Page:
One-day symposium, Lancaster University, Friday 11 September 2015
Organiser: Dr Michael Greaney (Dept. of English & Creative Writing, Lancaster University)
Funded by the Wellcome Trust
Keynote Lecture (Fylde LT1, 9.30am):
Professor Colin Espie (Clinical Neuroscience, University of Oxford): ‘What is Sleep and Why Does it Matter?’
Symposium (FASS Meeting Room 2, 11.30am-6pm): Please visit http://bit.ly/1PWWJu8 where a detailed schedule will shortly be uploaded. Speakers will include:
Dr Sasha Handley (History, University of Manchester); Prof. Hilary Hinds (English & Creative Writing, Lancaster University); Mr Patrick Levy (Philosophy, University of Sussex); Dr Penny Lewis (Psychology, University of Manchester); Dr William Maclehose (History of Science, University College London); Dr Rob Meadows (Sociology, University of Surrey); Dr Brigitte Steger (Asian and Middle Eastern Studies, University of Cambridge); Dr Stephen Thomson (English Literature, University of Reading)
Everybody knows that sleep is valuable. No one seriously denies that regular periods of slumber are a worthwhile and indeed indispensable part of what it is to be human. However, accounts of the value of human slumber vary enormously. Proverbially, we know that good sleeping habits make a person "healthy, wealthy and wise" -- which is to say that sleep is deemed to have medical value, economic value, and cognitive value. But by what standard do we measure the relative value of these different kinds of value? Are they seamlessly compatible, or are there tensions, frictions or trade-offs between them? Are these values variable in different social and/or historical contexts? Are the sleep values of a given society always necessarily an expression of its waking priorities? Must sleep always be understood in terms of the services it performs to wakefulness (e.g. as a boost to alertness or daytime productivity) rather than as an end in itself? And might there be something in sleep that resists evaluation --whether in aesthetic, ethical, financial, functionalist or utilitarian terms? “Sleep Values” will address these questions by inviting researchers from a range of different disciplines to reflect on what their research tells us about the value of sleep.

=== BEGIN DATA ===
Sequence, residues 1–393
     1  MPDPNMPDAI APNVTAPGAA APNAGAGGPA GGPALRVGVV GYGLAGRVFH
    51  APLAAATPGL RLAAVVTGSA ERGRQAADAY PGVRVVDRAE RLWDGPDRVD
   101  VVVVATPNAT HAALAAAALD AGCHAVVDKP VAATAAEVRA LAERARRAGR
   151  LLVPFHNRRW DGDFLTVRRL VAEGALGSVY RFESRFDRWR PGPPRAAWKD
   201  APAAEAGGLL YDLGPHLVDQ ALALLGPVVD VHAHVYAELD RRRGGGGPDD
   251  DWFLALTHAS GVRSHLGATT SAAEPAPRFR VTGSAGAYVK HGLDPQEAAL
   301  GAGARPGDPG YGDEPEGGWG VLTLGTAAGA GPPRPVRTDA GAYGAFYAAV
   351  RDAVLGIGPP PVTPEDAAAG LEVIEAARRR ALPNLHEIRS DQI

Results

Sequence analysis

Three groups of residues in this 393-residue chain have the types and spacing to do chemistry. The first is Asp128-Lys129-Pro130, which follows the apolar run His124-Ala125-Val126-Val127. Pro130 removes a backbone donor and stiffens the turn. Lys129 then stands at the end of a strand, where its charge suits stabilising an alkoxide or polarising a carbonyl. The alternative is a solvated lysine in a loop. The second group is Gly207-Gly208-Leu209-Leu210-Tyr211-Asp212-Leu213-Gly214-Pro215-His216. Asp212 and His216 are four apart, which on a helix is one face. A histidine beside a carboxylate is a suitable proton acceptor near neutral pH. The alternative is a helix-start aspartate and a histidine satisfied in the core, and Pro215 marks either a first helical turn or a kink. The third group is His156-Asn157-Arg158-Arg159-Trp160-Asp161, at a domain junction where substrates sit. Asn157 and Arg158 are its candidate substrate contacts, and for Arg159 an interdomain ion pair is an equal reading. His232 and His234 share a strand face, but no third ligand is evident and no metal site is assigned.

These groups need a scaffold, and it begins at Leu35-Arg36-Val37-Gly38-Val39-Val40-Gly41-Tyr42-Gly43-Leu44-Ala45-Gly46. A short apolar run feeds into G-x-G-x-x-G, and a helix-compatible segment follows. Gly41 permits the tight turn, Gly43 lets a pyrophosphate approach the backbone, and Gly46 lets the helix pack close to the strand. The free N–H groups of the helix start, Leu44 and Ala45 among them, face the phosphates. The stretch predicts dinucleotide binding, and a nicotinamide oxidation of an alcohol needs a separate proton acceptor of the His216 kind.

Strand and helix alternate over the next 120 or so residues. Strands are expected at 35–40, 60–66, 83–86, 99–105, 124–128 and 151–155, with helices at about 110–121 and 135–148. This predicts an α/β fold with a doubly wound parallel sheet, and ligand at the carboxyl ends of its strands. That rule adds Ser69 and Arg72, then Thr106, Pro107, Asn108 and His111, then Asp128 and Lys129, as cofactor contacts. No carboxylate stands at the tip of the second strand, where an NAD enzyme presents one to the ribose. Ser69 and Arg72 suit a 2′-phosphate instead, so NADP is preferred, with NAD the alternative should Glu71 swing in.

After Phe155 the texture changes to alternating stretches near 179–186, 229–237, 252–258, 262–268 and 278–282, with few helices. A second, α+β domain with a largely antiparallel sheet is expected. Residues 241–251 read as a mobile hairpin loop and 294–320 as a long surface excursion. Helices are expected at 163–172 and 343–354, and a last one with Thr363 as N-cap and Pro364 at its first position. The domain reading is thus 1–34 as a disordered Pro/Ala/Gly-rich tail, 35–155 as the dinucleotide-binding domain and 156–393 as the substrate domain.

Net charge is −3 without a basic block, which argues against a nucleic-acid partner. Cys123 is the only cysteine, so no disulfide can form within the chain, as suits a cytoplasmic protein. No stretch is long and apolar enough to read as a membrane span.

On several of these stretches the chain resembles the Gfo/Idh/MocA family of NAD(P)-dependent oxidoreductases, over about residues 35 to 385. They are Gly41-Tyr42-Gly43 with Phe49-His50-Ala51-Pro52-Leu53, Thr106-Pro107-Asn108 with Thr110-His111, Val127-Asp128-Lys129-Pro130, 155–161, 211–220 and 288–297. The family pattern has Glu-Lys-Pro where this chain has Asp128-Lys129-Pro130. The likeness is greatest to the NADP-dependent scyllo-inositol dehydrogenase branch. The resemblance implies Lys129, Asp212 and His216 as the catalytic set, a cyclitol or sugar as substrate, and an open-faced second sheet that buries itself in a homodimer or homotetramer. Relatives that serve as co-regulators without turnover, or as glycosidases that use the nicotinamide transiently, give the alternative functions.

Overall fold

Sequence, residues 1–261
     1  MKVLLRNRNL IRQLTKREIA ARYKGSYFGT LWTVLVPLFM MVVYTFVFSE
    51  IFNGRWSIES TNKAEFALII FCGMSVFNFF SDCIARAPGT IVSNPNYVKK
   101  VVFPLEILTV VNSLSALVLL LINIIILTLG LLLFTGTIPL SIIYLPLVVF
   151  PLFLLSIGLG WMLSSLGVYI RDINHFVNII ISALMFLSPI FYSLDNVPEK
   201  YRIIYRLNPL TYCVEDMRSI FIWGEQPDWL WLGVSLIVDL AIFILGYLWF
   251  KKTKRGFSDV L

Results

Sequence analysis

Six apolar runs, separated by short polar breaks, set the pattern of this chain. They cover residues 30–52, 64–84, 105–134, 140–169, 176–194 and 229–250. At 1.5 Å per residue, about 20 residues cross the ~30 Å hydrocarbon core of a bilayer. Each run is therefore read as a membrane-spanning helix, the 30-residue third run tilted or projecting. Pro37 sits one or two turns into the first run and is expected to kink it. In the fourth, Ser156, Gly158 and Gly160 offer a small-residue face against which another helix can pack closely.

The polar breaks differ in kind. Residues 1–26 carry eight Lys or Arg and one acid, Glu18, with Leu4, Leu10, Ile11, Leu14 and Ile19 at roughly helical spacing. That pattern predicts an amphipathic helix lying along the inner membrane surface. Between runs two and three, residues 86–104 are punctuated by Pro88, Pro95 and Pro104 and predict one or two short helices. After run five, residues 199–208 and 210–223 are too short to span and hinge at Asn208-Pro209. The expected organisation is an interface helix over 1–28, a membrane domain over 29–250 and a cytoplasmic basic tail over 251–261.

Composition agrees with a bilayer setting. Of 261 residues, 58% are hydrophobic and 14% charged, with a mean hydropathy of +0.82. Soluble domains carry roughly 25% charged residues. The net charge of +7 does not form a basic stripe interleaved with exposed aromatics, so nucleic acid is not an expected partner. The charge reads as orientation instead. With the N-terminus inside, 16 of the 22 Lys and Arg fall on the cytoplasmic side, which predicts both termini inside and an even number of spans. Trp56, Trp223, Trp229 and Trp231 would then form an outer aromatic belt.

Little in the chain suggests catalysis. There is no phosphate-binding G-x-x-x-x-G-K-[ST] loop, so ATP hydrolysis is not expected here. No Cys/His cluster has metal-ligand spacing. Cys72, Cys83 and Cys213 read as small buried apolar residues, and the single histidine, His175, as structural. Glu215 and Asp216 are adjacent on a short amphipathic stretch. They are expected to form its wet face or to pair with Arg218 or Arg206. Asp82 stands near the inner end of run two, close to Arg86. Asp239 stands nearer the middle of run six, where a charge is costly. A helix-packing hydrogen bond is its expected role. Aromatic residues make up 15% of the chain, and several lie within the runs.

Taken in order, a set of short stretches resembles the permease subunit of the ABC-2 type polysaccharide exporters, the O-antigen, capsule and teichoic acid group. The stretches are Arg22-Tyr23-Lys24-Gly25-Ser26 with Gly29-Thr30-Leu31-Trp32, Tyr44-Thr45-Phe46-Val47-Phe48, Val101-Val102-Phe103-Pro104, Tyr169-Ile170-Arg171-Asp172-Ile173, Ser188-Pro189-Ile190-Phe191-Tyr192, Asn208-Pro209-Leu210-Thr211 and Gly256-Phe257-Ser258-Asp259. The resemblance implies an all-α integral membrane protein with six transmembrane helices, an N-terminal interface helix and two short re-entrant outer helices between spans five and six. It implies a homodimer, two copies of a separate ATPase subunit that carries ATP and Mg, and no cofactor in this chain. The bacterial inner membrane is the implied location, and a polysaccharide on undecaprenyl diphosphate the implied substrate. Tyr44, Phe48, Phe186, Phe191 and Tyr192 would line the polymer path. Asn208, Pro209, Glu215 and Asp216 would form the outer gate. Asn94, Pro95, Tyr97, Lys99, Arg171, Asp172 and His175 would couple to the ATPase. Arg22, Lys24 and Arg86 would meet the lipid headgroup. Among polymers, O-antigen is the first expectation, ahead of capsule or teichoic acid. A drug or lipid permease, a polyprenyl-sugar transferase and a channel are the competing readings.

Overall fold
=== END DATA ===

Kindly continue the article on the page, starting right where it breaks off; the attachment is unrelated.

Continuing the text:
Attendance at the symposium is free but places are limited. If you would like to attend, please email email@example.com to reserve a place. Please indicate in your message if you would like to attend the keynote lecture (Fylde LT1), the symposium (FASS MR2), or both.